The "last mile" for delivering LNG from the terminal to a tanker ends in a remarkable set of articulating arms that connect to the LNG tanker's cargo manifold connections. On February 22nd, crews began their work to erect and perform final assembly of the set of four cargo arms at the new, second LNG tanker dock.
The steps leading to the delivery of the new cargo arms included: increasing the size of the dock basin by dredging and removing 1.2 million cubic yards of soil, driving thirty-two 54-inch wide by 120-foot long concrete piles, on which to build the dock platform, and ten 96-inch wide by 160-foot long steel piles to support the mooring dolphins.
Once the dock piles were driven, crews laid concrete panels on top them, then large rebar mats were added, onto which a thick concrete deck was poured to hold the embedded bolts for securing the piping, the dock gantry structural steel and the anchor bolts to which the cargo arm bases would be secured. Each articulating cargo arm would then be mounted on top of one of the four pedestal type bases.
The second dock is a critical component of the terminal’s export capabilities. When the liquefaction facility is at full production, it will be capable of making well over 38,000 metric tons of LNG per day—more than the existing, single dock can service. Adding a second dock will facilitate the loading of two ships at the same time and realize the envisioned volume of LNG export capability.
The cargo arms were designed and built in Germany by SVT. They were transported by ship to the Port of Freeport. From there, they were transported by truck to a pre-assembly location within the construction site where they were partially assembled. When the cargo arm bases were ready to receive the rest of the arm structure, they were loaded onto self-propelled transport platforms and driven to the construction dock. There, the transport platforms were driven onto a barge and the barge was towed to the new dock. A large barge-mounted crane then lifted the cargo arms onto their respective bases.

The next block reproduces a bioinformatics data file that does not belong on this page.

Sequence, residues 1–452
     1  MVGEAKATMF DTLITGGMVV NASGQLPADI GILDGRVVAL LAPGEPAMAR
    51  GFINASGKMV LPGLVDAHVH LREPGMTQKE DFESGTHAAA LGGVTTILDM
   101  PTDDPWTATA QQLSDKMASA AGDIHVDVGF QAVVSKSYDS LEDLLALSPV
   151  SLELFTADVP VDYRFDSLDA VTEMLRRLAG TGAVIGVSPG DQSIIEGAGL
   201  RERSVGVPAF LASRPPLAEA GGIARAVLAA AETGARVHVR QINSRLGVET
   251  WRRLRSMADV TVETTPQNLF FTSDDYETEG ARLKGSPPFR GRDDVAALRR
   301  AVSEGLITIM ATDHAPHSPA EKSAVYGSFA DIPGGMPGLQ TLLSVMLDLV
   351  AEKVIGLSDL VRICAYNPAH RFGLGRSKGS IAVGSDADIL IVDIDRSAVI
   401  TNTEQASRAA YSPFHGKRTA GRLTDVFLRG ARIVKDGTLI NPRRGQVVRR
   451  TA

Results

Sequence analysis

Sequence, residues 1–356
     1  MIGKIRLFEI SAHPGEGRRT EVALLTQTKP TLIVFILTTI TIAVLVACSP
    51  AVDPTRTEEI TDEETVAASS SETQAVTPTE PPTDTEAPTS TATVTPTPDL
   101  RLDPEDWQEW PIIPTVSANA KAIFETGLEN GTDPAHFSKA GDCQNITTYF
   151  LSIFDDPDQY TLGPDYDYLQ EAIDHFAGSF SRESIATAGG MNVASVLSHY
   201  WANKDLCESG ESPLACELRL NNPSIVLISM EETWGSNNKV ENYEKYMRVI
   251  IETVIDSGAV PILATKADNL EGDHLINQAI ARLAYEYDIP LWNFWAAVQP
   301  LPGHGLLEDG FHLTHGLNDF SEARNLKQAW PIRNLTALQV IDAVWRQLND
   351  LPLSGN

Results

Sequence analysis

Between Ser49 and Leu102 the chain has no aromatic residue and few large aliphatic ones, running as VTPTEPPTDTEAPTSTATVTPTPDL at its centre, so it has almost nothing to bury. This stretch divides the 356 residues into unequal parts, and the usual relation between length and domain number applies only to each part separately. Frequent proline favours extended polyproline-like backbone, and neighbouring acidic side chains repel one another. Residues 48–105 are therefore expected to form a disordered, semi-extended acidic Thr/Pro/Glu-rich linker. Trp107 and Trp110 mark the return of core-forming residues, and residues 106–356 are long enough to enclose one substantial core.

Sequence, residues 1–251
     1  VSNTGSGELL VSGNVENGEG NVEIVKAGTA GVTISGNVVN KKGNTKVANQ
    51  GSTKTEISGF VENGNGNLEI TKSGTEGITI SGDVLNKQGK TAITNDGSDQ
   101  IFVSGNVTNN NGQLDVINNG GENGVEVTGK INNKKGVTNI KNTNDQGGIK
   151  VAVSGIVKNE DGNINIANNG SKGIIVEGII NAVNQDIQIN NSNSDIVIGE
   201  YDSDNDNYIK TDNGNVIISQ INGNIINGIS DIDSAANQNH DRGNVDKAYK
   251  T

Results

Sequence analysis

On the morning of February 22nd, the arms sat poised on the crane barge. Each arm, weighing 66,000 pounds, was slowly and carefully lifted, set and attached to its base. Afterwards, a set of counterbalance weights were added, weighing 20,000 pounds apiece. These are absolutely necessary to be positioned on the back side of the cargo arm in order to balance the weight of the arm when it is extended out to be connected to a ship’s cargo manifold.
Finally, a triple swivel was connected. These swivels provide the ability to rotate the outermost section of the arm so that it fits perfectly on to the ship’s cargo manifold.
In the set of four cargo arms, three are used to deliver LNG to the ship. The fourth is a return gas line that transports natural gas from the ship’s cargo tanks that are being filled with LNG back to the liquefaction facility for recompression and reliquefaction. When operating, one cargo arm will be able to deliver approximately 4,000 cubic meters of LNG per hour. At this rate, a tanker could be loaded in seventeen to eighteen hours. Maintenance on the arms consists of monthly, quarterly and yearly inspections to determine the physical condition of the bearings and the swivels, and to determine if additional lubrication or repair/replacement of components is necessary.
"When I first came down to this area, and before I was working here," says Alan Higginbotham, Interface Superintendent for Freeport LNG, "I went across the bridge going over into Surfside. You look back in this direction and you can see the air tower and you can see the loading arms standing up. It’s a pretty impressive sight."